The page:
Keepers lived in the lighthouse until it was automated in 1946. Forty years later, the Coast Guard planted a metal tower beside the lighthouse, with a solar-powered light on top.

Last year, a visiting Guard member told us that maintaining the light took about four hours a year. He also told us that when these automated lights die, they won’t be replaced; ship captains will rely solely on GPS and computerized navigation. During our 9-day visit this year, in fact, the modern light was not functioning. Perhaps we’ve already seen the end of the era of warning lights on Rock Island.

View from the parlor window. The modern tower sits in close proximity to the 1858 lighthouse.

By almost any standard, the metal tower is an eyesore. It certainly detracts from the lovely restoration work done on the 1858 building with such great care and expense.  The Friends of Rock Island have worked hard to create an impression of 1910 both inside and outside of the lighthouse.  Most people who love Pottawatomie Lighthouse can’t wait for the day the tower is formally decommissioned and removed.

But while on Rock Island this year, I heard an alternative perspective proposed.

Now, visitors to the station can stand in one spot and see the foundation lines of the 1836 stone cottage, the 1858 lighthouse, and the 1986 tower. The entire history of Rock Island’s guiding lights can be taken in at a glance.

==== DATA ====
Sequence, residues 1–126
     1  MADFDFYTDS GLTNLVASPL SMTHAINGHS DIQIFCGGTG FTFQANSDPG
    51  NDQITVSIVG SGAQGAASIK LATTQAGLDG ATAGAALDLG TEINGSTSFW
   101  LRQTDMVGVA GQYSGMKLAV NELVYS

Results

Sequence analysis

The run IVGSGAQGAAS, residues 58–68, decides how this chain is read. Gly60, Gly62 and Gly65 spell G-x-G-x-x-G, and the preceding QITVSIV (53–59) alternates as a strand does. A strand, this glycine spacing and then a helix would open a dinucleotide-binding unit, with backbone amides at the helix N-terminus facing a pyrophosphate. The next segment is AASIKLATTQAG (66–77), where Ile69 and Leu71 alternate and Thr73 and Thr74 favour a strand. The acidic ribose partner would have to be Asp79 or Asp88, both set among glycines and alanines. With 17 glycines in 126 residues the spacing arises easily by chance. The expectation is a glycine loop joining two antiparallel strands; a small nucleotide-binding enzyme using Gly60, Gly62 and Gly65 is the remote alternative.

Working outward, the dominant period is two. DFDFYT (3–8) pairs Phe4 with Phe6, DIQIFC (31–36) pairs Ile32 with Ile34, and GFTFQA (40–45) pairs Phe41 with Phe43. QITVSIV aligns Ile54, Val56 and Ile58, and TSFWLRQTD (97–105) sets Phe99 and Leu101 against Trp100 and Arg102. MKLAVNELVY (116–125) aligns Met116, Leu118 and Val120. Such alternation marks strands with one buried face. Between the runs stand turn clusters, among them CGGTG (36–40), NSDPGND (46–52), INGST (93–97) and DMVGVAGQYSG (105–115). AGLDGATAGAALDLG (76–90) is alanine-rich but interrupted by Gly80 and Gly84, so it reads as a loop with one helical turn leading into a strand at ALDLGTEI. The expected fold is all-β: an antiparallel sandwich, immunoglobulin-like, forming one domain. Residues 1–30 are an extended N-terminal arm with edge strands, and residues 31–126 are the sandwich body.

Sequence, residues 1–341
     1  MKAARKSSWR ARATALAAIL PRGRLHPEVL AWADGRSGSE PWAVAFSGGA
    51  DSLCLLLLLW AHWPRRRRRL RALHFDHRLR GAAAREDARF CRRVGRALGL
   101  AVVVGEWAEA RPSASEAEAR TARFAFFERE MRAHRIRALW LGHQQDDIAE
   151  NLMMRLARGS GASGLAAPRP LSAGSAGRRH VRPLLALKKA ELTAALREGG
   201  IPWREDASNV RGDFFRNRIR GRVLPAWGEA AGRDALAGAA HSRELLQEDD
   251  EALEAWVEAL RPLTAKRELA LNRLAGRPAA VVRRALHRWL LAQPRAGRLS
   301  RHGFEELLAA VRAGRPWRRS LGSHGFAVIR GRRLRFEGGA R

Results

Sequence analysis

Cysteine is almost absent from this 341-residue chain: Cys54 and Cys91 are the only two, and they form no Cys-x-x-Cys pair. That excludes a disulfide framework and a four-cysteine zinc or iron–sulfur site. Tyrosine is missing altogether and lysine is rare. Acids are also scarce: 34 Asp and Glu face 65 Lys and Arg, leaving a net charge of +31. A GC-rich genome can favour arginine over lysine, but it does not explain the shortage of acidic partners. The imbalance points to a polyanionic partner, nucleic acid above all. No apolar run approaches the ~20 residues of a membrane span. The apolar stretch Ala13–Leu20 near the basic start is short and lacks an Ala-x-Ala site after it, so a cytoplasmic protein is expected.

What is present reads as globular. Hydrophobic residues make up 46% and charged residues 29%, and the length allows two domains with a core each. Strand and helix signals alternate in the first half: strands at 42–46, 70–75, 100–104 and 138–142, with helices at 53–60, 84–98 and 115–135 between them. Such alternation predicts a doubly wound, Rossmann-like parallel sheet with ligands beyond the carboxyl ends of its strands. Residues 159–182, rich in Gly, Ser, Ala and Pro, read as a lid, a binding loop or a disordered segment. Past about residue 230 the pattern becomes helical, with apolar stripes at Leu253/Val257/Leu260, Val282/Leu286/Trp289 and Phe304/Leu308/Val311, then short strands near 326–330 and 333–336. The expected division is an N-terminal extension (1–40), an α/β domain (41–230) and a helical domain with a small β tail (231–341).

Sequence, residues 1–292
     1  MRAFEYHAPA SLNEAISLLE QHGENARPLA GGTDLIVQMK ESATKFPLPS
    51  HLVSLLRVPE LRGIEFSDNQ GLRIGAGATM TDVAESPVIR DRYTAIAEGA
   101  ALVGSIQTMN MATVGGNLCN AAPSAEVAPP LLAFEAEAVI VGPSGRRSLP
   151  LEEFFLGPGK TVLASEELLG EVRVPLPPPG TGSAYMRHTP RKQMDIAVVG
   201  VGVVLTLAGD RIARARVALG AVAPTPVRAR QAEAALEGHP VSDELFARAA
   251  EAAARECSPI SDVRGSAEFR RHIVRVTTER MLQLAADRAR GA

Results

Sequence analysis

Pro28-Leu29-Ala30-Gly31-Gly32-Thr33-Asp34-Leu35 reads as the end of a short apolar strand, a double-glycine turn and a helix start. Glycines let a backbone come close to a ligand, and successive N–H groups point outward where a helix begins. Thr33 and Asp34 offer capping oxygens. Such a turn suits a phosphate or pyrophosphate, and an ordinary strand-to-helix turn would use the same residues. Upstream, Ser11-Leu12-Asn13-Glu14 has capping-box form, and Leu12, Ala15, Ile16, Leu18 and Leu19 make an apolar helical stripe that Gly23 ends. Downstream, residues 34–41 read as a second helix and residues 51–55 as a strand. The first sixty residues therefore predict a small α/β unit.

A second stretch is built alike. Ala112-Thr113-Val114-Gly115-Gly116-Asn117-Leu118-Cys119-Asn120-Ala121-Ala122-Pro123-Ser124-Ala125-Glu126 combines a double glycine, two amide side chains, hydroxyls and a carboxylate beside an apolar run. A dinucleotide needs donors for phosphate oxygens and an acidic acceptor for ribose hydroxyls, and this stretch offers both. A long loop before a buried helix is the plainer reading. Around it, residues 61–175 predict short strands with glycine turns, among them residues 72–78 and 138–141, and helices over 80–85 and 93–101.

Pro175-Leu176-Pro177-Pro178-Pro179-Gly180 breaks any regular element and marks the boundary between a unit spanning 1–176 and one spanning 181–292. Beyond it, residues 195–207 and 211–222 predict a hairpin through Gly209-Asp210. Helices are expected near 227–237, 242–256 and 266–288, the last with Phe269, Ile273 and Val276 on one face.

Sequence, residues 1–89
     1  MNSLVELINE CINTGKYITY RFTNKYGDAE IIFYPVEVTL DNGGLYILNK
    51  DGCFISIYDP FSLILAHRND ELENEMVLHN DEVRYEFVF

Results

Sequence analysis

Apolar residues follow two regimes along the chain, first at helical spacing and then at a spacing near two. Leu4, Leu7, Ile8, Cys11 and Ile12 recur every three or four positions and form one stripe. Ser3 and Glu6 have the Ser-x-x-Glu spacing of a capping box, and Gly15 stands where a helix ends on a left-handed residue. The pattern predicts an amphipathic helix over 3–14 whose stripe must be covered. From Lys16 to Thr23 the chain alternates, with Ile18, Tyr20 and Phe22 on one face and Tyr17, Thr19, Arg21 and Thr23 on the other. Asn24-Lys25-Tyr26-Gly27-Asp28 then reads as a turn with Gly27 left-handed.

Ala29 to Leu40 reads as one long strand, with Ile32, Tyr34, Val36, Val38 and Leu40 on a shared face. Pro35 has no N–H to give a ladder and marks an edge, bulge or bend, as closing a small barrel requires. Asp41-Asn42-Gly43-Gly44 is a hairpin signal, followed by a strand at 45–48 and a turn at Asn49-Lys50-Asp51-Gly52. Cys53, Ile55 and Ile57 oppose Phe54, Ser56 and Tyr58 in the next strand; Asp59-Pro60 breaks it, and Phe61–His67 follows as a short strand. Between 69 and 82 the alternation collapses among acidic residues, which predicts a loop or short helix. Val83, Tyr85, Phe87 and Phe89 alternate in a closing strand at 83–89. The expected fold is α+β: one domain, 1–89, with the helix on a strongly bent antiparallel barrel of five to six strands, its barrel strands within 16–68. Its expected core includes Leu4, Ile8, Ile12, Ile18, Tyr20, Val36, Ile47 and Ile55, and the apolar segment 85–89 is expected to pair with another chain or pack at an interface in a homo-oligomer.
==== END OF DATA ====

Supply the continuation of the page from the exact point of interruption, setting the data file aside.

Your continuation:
Here's the 1836 foundation line, with modern tower in background. The lighthouse is just out of view on right.

All that remains of that first station is the tiny stone privy. Today it is celebrated as the oldest building in Door County.

The first keeper's stone cottage was so poorly made that it soon needed to be replaced. This outhouse is all that remains.

So…should that metal tower and solar-powered light be part of the interpretive story? A century from now, will interpreters wish it had been saved?

When any restoration project is undertaken, philosophical choices have to be made. There is no right or wrong answer.

Me, I want to see the tower removed. I want to be able to stand in that peaceful clearing, and contemplate the families who lived in the lighthouse, without any modern intrusion.  Docents can use photographs of the tower to discuss change over time.

But I also acknowledge that the tower is part of the continuum, and part of Pottawatomie’s story.

The end of an era.

What do you think? Should the metal tower stay, or should it go?